I think that’s because my work revolves around exposing or communicating visuals through a system or ruleset rather than the visual itself. Designing after the fact feels unnecessary to me, and I try to stay away from trends as much as possible. I like to kind of provide a view into the source code, as in: Look at what this piece of code can do!

Other than that I believe that working with tech, and designing visual systems makes you reflect on the system you’re currently living in yourself. At least for me it has impacted the way I see my direct environment. The lo-fi aesthetics are also a product of trying to consume less resources. Less bright pixels means less energy “wasted”. Ascii art can be seen as a tool to upscale low quality video footage. Using generative code to create unique visuals, instead of using high energy consuming render-farms to create one single image.

How do you think coding could impact graphic design in the next 10 years?

Oof good question. I’m a bit torn on this topic. On one hand, looking back 10 years, we can say coding has always been a part of graphic and motion design to some degree. It has become more accessible with better tooling and a growing community, but at the same time it feels to me not a whole lot has changed. So I can see that same slow process continuing for the coming 10 years.

On the other hand I think we’re seeing the shift where traditional graphic and brand designers are embracing code more and more. We’re going to see that being adopted in the industry more widely. I feel brands are embracing the generative nature graphic design can have more and more. I think eventually, graphic and brand designers will not be designing the final visuals, but rather the tools and software for brands to create visuals themselves.

It’s also hard not to imagine a near future where AI services will be a big part of the designer’s toolkit, including that of creative coders (if that isn’t already the case). We’re in super exciting times with lots of opportunities for coders and designers alike to experiment with these tools. Seeing the progress in the field of image-, video-, 3d scene- and code generation and having experimented with some of these tools myself, I can totally see my work changing from coding to prompt designing, which is exciting! We do have to be cautious though, and not lose the human aspect/touch of design and code.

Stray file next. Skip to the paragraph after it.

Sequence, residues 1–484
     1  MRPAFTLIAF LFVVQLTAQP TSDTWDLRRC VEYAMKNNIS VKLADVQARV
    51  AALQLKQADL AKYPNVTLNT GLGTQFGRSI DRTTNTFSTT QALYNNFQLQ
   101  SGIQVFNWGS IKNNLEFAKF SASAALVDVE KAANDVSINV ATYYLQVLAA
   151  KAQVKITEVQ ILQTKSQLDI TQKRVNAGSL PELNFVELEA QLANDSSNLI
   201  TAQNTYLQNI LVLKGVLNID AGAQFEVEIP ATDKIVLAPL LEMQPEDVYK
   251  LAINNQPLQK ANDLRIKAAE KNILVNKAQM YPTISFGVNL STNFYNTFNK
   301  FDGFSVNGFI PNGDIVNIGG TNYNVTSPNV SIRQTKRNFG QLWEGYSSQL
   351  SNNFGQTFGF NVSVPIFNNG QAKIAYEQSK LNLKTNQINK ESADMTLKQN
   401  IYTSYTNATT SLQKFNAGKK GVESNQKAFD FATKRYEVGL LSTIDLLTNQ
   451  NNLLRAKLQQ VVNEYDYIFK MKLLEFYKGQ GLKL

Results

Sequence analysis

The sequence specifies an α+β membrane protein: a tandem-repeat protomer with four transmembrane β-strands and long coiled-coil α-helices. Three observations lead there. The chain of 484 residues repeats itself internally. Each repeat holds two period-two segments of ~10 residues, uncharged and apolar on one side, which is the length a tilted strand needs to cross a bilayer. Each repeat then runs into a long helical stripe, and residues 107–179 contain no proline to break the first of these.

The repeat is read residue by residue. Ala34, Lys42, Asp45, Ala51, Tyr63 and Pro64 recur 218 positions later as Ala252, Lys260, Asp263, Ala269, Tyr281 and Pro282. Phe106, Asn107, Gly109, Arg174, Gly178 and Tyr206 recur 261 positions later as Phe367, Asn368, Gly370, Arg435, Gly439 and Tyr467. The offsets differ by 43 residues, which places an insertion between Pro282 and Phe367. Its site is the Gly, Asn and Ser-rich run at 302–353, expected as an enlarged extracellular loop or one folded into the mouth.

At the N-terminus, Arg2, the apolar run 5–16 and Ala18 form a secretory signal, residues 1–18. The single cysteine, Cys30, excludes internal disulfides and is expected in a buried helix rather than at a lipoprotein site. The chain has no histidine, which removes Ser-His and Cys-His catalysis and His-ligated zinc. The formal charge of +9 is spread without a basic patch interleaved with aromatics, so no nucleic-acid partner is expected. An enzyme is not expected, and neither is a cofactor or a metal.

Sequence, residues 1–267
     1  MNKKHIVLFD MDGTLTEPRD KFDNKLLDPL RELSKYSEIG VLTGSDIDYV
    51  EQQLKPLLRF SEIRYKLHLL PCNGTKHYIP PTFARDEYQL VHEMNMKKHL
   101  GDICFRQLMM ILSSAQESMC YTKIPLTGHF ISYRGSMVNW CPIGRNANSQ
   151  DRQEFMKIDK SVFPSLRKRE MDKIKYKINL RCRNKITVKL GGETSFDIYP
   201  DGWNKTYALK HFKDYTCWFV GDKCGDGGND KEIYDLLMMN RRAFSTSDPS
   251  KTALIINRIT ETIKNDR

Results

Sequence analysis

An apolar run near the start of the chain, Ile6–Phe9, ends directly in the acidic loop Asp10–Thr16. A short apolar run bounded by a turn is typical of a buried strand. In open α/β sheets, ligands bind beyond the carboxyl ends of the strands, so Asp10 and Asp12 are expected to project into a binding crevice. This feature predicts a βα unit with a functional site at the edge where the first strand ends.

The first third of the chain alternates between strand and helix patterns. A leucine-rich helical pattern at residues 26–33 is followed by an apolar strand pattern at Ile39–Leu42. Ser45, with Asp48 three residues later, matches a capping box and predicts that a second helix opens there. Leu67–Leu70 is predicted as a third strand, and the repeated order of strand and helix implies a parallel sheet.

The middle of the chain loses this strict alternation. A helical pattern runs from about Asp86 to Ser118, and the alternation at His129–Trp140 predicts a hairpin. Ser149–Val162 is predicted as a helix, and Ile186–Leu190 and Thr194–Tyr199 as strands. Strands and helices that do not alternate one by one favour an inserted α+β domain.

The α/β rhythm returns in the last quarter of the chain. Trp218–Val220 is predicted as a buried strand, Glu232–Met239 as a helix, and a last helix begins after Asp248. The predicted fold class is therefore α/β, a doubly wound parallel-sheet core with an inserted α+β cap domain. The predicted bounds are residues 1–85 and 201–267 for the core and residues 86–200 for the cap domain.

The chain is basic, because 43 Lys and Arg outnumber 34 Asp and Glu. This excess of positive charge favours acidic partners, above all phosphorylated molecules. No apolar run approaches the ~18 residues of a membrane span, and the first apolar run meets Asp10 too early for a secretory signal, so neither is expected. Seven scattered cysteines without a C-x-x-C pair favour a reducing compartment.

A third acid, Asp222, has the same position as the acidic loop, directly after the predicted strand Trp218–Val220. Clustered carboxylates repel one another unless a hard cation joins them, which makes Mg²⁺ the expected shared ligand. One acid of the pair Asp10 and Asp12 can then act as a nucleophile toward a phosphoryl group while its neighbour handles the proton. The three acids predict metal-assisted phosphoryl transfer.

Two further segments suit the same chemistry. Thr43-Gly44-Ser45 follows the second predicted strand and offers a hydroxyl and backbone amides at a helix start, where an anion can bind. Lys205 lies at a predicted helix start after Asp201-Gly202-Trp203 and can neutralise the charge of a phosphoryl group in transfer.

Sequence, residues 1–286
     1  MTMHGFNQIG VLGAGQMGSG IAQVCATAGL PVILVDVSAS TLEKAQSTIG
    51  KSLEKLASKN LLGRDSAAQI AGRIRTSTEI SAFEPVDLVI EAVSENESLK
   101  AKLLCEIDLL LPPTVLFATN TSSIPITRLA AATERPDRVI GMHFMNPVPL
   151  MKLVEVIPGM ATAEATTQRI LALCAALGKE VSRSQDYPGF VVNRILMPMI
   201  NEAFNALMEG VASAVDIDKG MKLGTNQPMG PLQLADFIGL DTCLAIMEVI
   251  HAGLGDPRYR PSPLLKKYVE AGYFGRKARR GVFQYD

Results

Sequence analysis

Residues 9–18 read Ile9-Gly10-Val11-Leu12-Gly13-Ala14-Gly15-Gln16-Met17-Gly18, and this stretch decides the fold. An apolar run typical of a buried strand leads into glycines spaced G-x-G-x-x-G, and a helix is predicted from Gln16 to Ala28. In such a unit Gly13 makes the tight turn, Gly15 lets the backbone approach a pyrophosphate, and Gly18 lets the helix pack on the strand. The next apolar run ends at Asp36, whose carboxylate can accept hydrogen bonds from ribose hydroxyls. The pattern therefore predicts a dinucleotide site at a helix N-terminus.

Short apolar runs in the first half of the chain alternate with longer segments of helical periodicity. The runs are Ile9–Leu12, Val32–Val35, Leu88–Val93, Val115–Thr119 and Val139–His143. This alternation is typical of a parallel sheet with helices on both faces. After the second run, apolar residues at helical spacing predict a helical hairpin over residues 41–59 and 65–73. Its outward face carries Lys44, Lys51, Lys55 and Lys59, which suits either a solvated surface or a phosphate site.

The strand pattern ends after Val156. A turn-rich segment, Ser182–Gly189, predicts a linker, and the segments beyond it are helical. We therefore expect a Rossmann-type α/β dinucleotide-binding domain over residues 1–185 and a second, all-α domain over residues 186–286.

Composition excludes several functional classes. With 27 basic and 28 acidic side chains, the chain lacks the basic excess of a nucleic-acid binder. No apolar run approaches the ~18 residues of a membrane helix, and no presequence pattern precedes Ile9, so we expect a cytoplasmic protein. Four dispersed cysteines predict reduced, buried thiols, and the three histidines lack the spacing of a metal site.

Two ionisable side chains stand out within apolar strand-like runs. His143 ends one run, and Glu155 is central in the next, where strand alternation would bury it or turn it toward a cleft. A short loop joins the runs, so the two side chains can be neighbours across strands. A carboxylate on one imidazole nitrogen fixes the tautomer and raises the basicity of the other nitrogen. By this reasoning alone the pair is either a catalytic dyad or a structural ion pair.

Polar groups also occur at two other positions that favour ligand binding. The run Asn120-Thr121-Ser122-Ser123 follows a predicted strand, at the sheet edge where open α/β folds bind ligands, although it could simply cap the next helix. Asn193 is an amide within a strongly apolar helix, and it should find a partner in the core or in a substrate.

When you look back on your journey with code, what comes to your mind? How did you start?

For me experimenting with code, started pretty early. I remember reading an article in elementary school about HTML, and how you could make your own website with it. That’s where it started for me. I was blown away with the fact that writing weird looking characters in a plain text file could be transformed into graphics, and how “color: darkslategray;” would translate to the most beautiful color in the browser.

On the weekends I would have a friend over, and at night we would sneak downstairs, boot up my parents’ PC, and make fictional websites on Homestead or Geocities for our local skateshop, haha.

From there I got into DHTML and Flash Actionscript. That’s when a whole new world opened up for me. Having the ability to make visual elements interactive. Using code to play timeline animations, change colors, and play with dynamic text.

Since then I’ve always been moving in the realm of graphic- and motion design and coding. Sometimes leaning more to design and sometimes more to coding. Coding can be a great addition to your toolkit as a designer. Not only because it gives you more practical options, but also since it’s based on logic rather than emotion. It can be a great relief to be able to switch between either of those, depending on your mental state. For me in times of crisis and grief, I noticed (creative) coding has been a helpful coping mechanism.

Photo: Florian Geerken

What would you like to see more of within the creative Coding community?

To be honest I feel like I only just got in touch with the Creative Coding Community and I’m just discovering all the different forms it can have and the talent that moves within it. From my perspective, the community mainly revolves around graphic design made with code. But it’s so much more than that.